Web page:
08 August 2014
A Winter's Tale
I was staying up late, stitching those little horses. Something about the way they came together pleased me so much that, even yawning and I knowing that I'd be tired tomorrow, I kept going. It amuses and annoys me that as I lie in bed, to all intents fast asleep, my children come in and ask me questions - 'can I have porrige?' 'where is my skirt' - without so much as a preliminary 'Mama are you awake?'. Of course I am awake, alerted by the click click of Winnie's claws on the parquetry to the need to get her outside before she wees on the floor or, her preferred option, the carpet.
Last Saturday we were bundling out the door to get to tap when we discovered that someone had parked in our lane, blocking our car in. We quickly check all the neighbours but none knew whose enormous ute it was. We should ride our bikes anyway, it's just lack of organisation that sees us driving. But I was unaccountably annoyed at the lack of consideration and my mind immediately filled with indignation. What if it had been an emergency? What if one of the kids had been ill? Or had a sports game to get to in a not-riding-distance location? The ride was good though, in the frosty sunshine, even if we were late. I started 'Dinner and the Homesick Restaurant' and was remined how much I love Anne Tyler. By the time we got home the ute was gone and my outrage had dissipated. I ran some errands, and the kids ran though their endless play-argue-make-up loop. I sewed cushion covers out of old jumpers and we went to the pub with friends and their kids for an early dinner. By 9.15 everyone was in bed and settled and I was free to stitch some more horses in front of 'Game of Thrones'.
On Sunday Craig took Nina off to soccer and Lily and Grace made a broomstick out of twigs collected in the garden. For hours they played a game of witches while Ruby wrote her latest installment of 'Creative Mind'. I pottered around with loads of washing and attempted tidying and vacuuming up the snips of yarn and fabric that the horses had shed all over the floor. Even after a few hours it seemed that the house was still a state. Housework always feels like a sisyphean task but I can never escape the idea that 'apres moi, le deluge'. I know that my context is wrong, but it does seem that if I don't keep myself somewhere in the game, the tsunami of housework will drown us all. Grace and Lily painted each other's faces and got into dress-ups. Somewhere in there I read most of the paper and had a cup of tea and then my friend Bruce came over and Nina returned and Craig went to work. I fried up mushrooms in garlic and Bruce and I had them with Meredith feta on Turkish bread while we discussed his plans to buy a house in Reservoir (which he appears incapable of pronouncing in the correct Reservore way) with his partner Nenad. Grace and Lily wrote a recipe book and nagged and nagged and nagged me to be allowed to make their signature dish - 'Chocolate milk with Sugar'. I told them they could make it for afternoon tea provided there was no more nagging. I took Nina to her friend's house so they could go boating on the river, and Grace and Lily continued to play and fight for hours until eventually they made their drink, which was so sweet that neither Ruby nor I could have more than a teaspoon. Ruby tired of her story and decided to make some fudge, but we didn't have all the ingredients so she walked to the shops to get them and then laboured over the recipe for what seemed like hours. I forgot, being now an efficient baker by necessity, how long cooking would take when I was a kid - certainly the better part of an afternoon. Grace has been trying to climb a particular tree in our garden for months. She's tried ropes and even attempted to put screws in the trunk to act as steps, to no avail. The lowest branch is way too high. I finally relented and got out the ladder so she and Lily could get to the lowest branch. Lily was far less fearful than Grace and extremely chuffed that she climbed higher than Grace. I'm not an anxious parent, but I kept seeing a broken arm or leg as one or both tumbled out of the tree. Neither materialised. Craig came home to watch the Dogs get thrashed by the Hawks and I collected Nina so she could watch a couple of quarters with her Dad. She tries hard to be the footy-companion that he doesn't really have, but she could only manage till three-quarter time and then went out to play on the trampoline with Ruby. Grace and Lily did some jigsaw puzzles, and played and fought. At least twice Lily threw things or hit Grace and ended up in her room, yelling at me for being mean. I made pumpkin soup and chilli beans and pasta and rice and everyone had something they liked for dinner. Then bath and stories - the second Mr Galliano's Circus book for the little girls, the second-to-last chapter of 'A Wrinkle in Time' for the big girls and that was the weekend. A weekend of the usual nothing much and so much.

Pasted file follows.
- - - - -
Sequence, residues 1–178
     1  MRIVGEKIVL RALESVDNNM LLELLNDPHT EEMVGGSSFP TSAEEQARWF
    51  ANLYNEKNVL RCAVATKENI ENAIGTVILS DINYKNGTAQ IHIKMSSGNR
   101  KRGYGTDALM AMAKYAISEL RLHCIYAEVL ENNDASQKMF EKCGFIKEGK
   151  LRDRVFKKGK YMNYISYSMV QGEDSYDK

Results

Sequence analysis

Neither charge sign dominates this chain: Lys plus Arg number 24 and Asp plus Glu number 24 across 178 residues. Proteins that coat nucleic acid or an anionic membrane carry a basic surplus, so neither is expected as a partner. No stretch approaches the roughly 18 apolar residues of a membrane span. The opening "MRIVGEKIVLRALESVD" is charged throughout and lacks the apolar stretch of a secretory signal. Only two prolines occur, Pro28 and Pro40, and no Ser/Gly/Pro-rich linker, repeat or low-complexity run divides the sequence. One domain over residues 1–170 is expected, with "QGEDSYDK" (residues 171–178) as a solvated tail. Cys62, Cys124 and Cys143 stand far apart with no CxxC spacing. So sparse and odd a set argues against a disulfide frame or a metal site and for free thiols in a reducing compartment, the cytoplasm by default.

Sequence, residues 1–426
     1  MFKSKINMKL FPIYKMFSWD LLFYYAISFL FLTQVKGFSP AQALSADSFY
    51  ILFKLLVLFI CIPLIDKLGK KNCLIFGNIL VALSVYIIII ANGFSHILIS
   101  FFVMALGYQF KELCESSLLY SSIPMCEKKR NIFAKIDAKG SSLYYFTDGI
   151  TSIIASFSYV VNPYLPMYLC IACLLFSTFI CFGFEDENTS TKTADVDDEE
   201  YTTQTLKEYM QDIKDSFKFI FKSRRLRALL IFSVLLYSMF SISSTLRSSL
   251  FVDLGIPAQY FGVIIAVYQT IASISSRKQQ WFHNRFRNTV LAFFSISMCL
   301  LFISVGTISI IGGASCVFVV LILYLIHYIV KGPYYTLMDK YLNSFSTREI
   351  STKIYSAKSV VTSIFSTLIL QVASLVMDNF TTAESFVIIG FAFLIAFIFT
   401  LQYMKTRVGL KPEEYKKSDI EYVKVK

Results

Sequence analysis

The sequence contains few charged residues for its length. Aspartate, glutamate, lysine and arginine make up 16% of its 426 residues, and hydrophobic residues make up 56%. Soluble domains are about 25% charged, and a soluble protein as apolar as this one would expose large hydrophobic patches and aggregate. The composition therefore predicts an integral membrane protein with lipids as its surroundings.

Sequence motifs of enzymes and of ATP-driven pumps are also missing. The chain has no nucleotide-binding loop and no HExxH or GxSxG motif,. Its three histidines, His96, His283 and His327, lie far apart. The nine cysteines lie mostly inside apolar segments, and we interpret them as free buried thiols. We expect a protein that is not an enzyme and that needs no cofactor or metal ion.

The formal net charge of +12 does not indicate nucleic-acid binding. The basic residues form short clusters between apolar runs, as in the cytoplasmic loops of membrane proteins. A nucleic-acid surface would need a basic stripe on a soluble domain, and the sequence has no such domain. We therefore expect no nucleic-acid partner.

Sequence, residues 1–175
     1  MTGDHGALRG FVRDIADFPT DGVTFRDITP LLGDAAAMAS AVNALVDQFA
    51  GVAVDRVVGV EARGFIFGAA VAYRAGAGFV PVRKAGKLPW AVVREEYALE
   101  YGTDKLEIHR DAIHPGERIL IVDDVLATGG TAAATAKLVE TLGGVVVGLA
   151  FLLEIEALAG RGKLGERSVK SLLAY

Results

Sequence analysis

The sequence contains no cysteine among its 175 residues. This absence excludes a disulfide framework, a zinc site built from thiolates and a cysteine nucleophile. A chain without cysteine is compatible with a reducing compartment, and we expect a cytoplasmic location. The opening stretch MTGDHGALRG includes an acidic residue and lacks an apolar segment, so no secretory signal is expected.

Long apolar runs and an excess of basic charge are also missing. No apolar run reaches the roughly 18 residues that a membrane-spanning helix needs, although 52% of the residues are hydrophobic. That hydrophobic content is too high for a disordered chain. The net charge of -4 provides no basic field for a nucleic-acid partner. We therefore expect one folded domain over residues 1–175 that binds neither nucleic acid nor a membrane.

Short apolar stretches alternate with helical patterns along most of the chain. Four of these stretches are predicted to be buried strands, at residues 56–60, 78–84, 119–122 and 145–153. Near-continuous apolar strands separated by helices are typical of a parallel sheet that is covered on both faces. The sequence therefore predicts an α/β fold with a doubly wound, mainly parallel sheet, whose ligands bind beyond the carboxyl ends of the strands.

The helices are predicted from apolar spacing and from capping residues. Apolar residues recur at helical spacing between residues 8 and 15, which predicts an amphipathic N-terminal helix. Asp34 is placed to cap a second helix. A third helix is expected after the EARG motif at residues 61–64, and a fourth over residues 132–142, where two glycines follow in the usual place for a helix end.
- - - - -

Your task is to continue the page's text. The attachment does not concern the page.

Posted by Julie
Labels: activities, things to remember, winter
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I love this post! Sounds much like our days except we do have a broken arm and Niamh hasn't quite grasped the concept that 'making up' will get you further than a ginormous tantrum.ReplyDelete